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Tau Unbound

Can Machines Truly Have Experiences?

Prof. Liad Mudrik
School of Psychological sciences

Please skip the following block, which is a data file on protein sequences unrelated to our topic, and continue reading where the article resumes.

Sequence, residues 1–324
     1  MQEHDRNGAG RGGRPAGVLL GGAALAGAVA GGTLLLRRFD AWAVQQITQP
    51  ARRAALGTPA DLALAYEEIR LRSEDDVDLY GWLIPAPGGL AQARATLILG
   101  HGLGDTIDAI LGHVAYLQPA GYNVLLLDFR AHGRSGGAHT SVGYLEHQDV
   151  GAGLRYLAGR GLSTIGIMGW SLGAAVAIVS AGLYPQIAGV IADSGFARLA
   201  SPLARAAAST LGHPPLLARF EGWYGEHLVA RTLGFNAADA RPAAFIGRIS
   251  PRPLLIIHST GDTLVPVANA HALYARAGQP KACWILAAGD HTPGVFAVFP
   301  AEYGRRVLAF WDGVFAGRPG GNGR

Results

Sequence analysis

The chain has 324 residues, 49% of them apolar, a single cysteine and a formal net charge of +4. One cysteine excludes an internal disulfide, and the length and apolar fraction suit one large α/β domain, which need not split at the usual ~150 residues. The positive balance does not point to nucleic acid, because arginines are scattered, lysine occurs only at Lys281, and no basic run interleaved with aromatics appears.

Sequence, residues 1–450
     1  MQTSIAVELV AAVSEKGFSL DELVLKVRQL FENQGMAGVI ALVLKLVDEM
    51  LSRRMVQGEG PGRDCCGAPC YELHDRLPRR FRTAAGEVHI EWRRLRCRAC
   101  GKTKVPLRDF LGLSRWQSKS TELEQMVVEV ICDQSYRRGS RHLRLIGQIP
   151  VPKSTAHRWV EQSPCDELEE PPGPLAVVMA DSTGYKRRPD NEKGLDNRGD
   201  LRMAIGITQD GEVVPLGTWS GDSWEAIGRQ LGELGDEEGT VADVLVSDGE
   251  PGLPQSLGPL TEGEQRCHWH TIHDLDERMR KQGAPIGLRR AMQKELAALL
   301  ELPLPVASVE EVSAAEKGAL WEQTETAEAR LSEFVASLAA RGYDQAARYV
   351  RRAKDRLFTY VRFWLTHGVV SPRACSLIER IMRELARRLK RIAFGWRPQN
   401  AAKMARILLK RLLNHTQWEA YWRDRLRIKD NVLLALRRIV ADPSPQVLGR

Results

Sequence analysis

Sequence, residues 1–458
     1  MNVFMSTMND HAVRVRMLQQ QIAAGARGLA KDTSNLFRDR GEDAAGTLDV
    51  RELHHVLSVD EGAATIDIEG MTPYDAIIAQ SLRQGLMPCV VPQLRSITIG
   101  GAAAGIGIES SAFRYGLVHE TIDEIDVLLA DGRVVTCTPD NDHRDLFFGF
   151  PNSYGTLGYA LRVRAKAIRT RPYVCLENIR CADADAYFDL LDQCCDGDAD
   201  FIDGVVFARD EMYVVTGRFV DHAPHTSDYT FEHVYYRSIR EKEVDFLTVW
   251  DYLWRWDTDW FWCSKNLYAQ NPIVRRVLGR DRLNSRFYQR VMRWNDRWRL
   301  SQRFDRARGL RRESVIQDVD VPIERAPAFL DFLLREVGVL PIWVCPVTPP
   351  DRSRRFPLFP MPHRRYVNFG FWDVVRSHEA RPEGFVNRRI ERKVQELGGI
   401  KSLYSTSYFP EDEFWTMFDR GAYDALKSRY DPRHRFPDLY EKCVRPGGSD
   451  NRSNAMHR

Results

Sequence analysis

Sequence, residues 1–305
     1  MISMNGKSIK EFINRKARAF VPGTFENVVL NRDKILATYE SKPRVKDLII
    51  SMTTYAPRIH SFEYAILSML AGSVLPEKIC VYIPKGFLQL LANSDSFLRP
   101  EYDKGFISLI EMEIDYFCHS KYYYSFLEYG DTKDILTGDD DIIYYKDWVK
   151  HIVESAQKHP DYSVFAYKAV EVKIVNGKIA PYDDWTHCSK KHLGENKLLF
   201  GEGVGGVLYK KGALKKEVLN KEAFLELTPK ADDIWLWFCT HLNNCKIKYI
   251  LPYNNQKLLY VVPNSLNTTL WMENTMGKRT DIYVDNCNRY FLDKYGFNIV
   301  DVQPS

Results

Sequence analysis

Prof. Liad Mudrik is an alumnus of the interdisciplinary program for outstanding students. She received two PhD degrees, in cognitive neuroscience (TAU & HUJI) and in philosophy (TAU). The latter was awarded with the Robert J. Glushko prize for outstanding dissertations in cognitive science. She then continued to work as a postdoctoral fellow at the division of biology at the California Institute of Technology, and joined the school of psychological sciences as a faculty member in 2015. She is a member of the Israel Young Academy of Sciences. She is from the School of Psychological Sciences and Sagol School of Neuroscience at Tel Aviv University, has two doctorates, both in the field of philosophy and in the field of neuroscience and cognition. She deals with questions of body and mind in an experimental approach, in the study of human cognition in general, and in the study of human consciousness in particular. In this new episode, Liad talks about contemporary models for the mechanisms of consciousness in the brain, and about her part in the world-wide attempt to determine which of these models is more in line with the reality we are aware of. She also talks about her scientific path, about her extensive activity in spreading science to the public, including on the radio, and why it is important not only to her listeners but also to her, and she even touches on the question of whether artificial intelligence systems will even be able to experience the taste of chocolate. Her main focus: where exactly cognition happens? Where consciousness happens? The challenge of developing a theory that explains the brain basis of conscious experience preoccupies several world-renowned researchers, who have devoted a significant part of their careers to it.

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